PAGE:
Sunday, March 6, 2011
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Libya - Libyan warplanes launched a fresh airstrike on rebel positions around a key oil port Monday, trying to block the opposition fighters from advancing toward Moammar Gadhafi's stronghold in the capital, Tripoli.
Rebels in the area said they can take on Gadhafi's elite ground forces, but are outgunned if he uses his air power.
"We don't want a foreign military intervention, but we do want a no-fly zone," said rebel fighter Ali Suleiman. He added that the rebels can take on "the rockets and the tanks, but not Gadhafi's air force."
Libya appears to be sliding toward a civil war that could drag out for weeks, or even months, as rebels try to oust Gadhafi after 41 years. Resorting to heavy use of air attacks signaled the regime's concern that it needed to check the advance of the rebel force toward Sirte -- Gadhafi's hometown and stronghold.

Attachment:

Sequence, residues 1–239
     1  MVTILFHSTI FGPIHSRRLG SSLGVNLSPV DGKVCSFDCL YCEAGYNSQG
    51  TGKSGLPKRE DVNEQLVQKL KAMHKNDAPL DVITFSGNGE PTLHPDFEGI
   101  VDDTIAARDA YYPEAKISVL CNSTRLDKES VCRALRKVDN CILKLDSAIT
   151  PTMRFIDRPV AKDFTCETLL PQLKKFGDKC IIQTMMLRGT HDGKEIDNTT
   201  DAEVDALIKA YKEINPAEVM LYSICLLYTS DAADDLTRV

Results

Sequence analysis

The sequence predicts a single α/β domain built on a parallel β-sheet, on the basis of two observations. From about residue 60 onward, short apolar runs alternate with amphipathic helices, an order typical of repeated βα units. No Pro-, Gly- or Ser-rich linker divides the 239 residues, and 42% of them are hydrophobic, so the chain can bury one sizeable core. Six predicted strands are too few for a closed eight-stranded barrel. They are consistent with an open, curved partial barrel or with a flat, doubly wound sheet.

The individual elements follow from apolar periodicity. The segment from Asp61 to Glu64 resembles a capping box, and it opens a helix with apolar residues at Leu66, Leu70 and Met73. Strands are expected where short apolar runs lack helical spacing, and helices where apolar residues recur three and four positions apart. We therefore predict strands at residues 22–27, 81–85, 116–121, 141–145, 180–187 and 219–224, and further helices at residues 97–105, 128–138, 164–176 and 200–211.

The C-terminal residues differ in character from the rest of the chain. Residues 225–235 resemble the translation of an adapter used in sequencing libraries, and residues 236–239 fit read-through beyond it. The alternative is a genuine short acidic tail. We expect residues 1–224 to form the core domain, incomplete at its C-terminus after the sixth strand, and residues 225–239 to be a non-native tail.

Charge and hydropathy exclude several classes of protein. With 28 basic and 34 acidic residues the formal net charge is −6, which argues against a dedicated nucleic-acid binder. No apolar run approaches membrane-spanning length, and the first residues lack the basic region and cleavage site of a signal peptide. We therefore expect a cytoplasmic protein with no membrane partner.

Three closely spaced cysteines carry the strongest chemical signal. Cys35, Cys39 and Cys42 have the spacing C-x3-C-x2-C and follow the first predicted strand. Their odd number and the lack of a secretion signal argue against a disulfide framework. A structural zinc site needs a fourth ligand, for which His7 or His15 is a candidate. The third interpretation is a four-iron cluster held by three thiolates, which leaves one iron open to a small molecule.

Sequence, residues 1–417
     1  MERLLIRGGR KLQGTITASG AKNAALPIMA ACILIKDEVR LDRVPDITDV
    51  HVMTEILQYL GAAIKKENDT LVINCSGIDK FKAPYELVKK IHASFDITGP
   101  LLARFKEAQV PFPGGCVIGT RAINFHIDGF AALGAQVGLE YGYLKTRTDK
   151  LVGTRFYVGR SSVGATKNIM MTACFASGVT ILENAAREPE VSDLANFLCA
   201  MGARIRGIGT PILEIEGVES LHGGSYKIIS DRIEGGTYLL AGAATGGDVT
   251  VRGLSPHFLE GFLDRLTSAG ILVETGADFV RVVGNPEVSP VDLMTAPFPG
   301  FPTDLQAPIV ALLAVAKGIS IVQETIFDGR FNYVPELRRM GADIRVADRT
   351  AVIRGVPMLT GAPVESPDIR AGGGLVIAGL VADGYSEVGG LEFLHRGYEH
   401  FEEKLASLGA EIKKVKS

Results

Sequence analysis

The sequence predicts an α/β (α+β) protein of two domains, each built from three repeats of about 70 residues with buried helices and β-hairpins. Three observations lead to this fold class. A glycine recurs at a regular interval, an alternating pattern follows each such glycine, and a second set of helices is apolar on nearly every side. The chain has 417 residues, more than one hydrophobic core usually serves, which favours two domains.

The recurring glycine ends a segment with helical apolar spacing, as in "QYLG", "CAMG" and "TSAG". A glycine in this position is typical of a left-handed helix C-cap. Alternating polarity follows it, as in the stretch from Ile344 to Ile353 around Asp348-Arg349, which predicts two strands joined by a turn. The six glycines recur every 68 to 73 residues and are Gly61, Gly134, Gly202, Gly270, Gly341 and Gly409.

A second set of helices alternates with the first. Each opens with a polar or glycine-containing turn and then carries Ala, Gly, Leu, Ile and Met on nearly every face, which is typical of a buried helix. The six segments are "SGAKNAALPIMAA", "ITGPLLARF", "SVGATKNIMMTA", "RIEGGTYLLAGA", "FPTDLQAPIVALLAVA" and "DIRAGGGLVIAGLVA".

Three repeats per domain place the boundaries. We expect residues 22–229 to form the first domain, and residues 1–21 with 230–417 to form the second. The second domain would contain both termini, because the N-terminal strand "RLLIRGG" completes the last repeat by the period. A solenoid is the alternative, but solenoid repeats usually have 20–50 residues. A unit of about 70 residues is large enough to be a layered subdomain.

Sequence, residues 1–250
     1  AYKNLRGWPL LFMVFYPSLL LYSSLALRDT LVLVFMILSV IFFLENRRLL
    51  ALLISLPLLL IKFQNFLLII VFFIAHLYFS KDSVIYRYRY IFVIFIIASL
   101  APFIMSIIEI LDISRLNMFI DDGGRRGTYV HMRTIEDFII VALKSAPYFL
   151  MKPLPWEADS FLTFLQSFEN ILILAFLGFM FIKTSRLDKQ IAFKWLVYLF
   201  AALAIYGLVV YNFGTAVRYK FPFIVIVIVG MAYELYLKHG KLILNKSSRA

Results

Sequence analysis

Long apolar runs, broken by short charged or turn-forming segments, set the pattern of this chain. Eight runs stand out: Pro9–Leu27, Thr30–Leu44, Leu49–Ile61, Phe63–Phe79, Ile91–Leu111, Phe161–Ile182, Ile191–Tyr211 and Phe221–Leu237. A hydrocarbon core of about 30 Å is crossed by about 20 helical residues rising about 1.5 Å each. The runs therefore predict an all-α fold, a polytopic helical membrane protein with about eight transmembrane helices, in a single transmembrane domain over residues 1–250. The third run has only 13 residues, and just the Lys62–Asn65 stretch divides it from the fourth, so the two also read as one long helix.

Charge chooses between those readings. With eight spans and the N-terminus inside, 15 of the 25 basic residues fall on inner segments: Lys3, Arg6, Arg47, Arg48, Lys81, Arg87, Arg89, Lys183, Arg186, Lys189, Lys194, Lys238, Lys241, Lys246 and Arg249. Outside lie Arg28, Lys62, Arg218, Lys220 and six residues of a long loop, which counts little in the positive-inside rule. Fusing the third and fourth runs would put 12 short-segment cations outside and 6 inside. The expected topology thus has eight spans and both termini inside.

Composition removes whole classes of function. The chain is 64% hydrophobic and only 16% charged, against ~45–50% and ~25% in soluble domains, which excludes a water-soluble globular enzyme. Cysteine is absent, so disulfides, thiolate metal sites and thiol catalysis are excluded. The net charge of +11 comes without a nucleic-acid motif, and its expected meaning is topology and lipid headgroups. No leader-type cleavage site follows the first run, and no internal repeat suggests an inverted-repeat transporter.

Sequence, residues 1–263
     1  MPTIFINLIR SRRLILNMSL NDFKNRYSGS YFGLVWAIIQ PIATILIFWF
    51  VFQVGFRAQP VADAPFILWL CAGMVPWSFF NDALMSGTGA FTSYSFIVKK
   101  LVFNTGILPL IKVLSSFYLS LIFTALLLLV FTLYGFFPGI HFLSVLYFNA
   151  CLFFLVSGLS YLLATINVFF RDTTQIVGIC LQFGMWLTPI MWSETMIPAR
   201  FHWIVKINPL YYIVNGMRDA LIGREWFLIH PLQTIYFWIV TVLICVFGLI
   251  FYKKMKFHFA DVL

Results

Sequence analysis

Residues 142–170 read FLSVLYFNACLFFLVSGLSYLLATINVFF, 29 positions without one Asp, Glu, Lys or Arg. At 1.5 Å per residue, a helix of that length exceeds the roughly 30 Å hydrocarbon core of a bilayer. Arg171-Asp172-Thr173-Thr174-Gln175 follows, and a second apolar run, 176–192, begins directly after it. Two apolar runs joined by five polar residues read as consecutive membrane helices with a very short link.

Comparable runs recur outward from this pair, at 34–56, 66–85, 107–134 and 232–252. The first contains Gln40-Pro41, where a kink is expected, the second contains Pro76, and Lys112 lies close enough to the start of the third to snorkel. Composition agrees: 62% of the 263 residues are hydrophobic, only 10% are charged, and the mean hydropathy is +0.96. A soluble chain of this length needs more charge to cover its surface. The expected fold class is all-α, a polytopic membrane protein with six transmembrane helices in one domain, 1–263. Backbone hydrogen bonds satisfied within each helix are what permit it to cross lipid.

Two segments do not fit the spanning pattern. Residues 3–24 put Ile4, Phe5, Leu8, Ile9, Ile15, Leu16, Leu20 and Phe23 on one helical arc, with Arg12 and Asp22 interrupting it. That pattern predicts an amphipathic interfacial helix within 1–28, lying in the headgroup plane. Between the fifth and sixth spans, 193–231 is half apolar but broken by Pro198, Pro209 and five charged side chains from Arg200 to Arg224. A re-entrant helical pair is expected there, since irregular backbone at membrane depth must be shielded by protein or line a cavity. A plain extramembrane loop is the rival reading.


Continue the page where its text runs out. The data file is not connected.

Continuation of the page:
Anti-Gadhafi forces would get a massive morale boost if they captured Sirte, and it would clear a major obstacle on the march toward the gates of Tripoli.
There were no casualties in Monday's airstrike on Ras Lanouf, which came one day after pro-regime forces pounded opposition fighters with helicopter gunships, artillery and rockets to stop the rebels' rapid advance toward Tripoli.
The uprising against Gadhafi, which began Feb. 15, is already longer and much bloodier than the relatively quick revolts that overthrew the longtime authoritarian leaders of neighboring Egypt and Tunisia.
Hundreds if not thousands of people have died since Libya's uprising began, although tight restrictions on media make it near impossible to get an accurate tally